Step 1 of Potty Training: Introducing Your Toddler to the Toilet

When I taught preschool I would have many parents come to me and ask for potty training tips.

My classroom was the Early Preschool - so the class that the children go to after they have been potty trained. Usually they were all around 2 and a half when they joined the class and 3 and a half when they moved up to the next one.

Besides teaching early preschool I have also taught twos. Not for very long, because that class is next level challenging - but I taught it long enough to learn a few things about potty training!

A lot of the questions parents would ask me would regard their children having accidents a lot after being thought to be potty proficient, and some parents would have concerns that their children were getting “too old” to be in diapers. Even though I do believe there is an age to be “too old” in diapers, I do think most children should be potty trained when they are ready.

From my experience, children who are rushed into being potty trained before they are ready typically take longer to potty train and have regressions once they are.

I noticed most of the time children have a regression, it is simply because they either do not understand the concept or they are afraid of the toilet.

It is so important to go about potty training the right way so you can have a child who is potty proficient and proud of themselves!

My first tip for potty training is to look for signs that your child is ready. Try to notice if your child is intrigued by you going potty on the toilet and see if they have a fascination with flushing the toilet - or even toilet paper! Look for ways to get them interested in the toilet once you see that they are “letting you know” that they are ready.

When my daughter Izzy started expressing interest in potty training I was caught a little off guard. At only 16 months I wondered if she even knew the concept of what the toilet was or going potty was. She has always hated diaper changes so I figured I may as well let her sit on the potty if she wants.

So one day I came home with one of those little seats that goes on the toilet. I would say the exact one - but I am not a huge fan of it and plan on getting a different one later. When I brought it home I went to the bathroom and Izzy followed me in.

My second tip for potty training is to let your child watch you. It is a little awkward but they will learn what “potty” is much faster!

After I finished going to the bathroom, I put her little seat on the toilet and asked her if she wanted to sit. She said yes so I put her on it. She was absolutely terrified and clung to me!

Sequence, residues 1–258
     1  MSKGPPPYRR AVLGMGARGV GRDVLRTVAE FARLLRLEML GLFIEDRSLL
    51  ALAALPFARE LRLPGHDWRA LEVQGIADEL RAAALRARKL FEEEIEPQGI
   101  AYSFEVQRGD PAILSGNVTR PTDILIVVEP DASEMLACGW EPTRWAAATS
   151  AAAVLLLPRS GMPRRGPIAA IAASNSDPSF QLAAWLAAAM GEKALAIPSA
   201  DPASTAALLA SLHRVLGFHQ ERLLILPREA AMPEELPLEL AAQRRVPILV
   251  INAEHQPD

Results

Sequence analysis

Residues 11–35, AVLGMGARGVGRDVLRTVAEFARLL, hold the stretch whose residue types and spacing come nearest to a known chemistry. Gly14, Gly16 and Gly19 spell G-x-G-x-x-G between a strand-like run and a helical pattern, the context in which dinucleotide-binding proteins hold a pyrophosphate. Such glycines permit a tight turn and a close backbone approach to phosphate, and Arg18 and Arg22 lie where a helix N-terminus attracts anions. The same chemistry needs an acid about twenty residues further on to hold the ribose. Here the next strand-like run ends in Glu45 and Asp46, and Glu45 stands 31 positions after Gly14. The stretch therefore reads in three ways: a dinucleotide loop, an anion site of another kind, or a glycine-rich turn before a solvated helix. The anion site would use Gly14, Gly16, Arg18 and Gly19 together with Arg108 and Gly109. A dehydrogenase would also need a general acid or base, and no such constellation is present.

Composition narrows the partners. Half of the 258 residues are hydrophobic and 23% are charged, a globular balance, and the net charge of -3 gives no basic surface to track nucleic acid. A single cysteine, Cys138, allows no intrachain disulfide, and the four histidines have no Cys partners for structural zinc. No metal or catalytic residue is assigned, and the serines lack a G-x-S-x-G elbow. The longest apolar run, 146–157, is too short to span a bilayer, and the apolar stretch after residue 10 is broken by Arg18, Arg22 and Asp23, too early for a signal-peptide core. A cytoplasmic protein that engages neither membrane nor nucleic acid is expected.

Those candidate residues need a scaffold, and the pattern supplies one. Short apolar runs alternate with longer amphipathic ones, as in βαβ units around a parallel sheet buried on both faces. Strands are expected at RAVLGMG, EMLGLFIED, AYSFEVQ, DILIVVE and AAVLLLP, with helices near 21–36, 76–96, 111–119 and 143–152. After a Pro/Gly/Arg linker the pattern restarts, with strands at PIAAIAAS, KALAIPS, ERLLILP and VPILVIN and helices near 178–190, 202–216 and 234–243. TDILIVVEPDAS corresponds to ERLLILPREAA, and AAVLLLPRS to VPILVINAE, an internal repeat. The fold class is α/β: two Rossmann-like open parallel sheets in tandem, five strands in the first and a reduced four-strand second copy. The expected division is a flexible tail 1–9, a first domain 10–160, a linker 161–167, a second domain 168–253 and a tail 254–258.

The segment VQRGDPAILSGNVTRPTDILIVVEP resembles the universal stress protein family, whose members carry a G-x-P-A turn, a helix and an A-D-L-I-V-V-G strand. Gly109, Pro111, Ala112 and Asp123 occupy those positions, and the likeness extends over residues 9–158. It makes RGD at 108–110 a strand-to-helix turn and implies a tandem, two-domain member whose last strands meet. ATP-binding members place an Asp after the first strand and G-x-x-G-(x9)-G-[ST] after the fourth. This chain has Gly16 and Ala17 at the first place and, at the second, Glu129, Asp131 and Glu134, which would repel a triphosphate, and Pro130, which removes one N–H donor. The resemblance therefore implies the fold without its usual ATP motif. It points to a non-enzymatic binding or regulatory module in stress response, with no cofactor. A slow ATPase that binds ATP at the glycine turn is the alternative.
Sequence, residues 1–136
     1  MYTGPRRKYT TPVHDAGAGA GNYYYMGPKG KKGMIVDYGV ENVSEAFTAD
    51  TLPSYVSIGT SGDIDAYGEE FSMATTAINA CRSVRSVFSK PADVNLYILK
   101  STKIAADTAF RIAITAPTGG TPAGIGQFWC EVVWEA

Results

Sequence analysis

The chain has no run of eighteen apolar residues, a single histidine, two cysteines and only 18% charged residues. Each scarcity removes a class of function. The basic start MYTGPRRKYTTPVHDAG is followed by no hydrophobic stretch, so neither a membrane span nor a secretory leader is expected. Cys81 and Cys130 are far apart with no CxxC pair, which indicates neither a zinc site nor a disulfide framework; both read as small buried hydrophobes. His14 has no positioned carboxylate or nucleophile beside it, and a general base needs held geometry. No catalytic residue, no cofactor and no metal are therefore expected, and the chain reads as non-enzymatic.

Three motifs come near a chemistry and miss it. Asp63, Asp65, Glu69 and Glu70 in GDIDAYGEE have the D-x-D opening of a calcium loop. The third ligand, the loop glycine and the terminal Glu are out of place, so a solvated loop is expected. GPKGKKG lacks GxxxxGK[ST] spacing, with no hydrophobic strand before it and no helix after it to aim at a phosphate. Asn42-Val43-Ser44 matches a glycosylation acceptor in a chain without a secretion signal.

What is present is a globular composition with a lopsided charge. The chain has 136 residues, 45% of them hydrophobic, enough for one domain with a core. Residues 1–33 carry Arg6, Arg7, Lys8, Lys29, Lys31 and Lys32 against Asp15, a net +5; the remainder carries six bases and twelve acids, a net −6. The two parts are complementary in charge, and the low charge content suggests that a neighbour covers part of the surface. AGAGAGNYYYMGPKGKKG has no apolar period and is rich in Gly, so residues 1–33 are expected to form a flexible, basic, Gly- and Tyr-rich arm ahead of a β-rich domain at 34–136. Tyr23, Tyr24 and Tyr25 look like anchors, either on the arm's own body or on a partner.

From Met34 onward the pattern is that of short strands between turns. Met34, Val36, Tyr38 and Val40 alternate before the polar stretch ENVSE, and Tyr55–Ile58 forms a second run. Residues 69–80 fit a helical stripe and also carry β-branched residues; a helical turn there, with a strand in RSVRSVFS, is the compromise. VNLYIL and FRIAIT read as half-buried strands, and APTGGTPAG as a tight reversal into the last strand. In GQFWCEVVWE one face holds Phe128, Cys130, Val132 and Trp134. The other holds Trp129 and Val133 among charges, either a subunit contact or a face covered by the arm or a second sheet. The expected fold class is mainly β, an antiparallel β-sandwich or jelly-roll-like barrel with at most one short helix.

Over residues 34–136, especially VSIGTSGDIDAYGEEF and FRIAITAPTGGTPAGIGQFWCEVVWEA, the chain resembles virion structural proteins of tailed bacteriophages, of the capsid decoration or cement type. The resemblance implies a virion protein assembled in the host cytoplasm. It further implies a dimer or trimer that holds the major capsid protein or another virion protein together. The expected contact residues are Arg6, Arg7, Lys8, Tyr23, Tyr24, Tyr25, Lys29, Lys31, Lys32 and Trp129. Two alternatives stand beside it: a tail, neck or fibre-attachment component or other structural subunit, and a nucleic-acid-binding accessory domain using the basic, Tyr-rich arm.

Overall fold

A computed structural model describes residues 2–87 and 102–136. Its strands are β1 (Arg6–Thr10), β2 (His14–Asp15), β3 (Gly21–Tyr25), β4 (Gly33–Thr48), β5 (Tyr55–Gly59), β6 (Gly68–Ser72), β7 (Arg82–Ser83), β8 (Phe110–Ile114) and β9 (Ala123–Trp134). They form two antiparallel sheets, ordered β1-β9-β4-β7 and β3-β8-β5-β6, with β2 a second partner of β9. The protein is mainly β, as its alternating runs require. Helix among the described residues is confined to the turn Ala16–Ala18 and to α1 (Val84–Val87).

I think most children are afraid of the toilet when they first sit. It’s a weird seat with a hole in the middle and they feel like they are going to fall in.

My third tip for potty training is to buy a seat that goes on the toilet instead of a mini-toilet. You want them to feel comfortable on a “big toilet” for when they are potty trained and you go out places and can’t bring your mini-toilet!

So what we did was we gave her lots of praise - and I even gave her little peanut butter chips while she was sitting on the toilet. So slowly she learned to associate sitting on the toilet with being a good thing.

My fourth tip for potty training is to definitely give a lot of positive reinforcement for showing interest in the toilet and for sitting on it! You will praise them for sitting, then it will turn into them staying on the toilet for longer, and then it will turn into them wiping themselves, and eventually you will praise them for going potty!

And don’t worry - her privates are completely covered in this picture!

And don’t worry - her privates are completely covered in this picture!

Then, she started asking to sit at least five times every day. She still hasn’t gone potty - but I really don’t expect her to anytime soon. I taught her to say “wipe” when she is ready for toilet paper and I even taught her to wipe herself! During her diaper changes she even wants to help wipe, too!

Then when she is done I help her off and she says “bye bye” to the water in the toilet and we flush the toilet together (she hasn’t quite grasped the concept of how to flush).

So here we are, Izzy is 16 months and only a week and a half in to our journey to potty proficiency - and she is already asking to sit, sitting for a while, wiping herself, and helping flush!

But I don’t want anyone to think that this is the “norm”.

Every child is ready at different times. There is no right time to be potty trained or amouny of time it takes. Just go about it the right way - when your child is ready!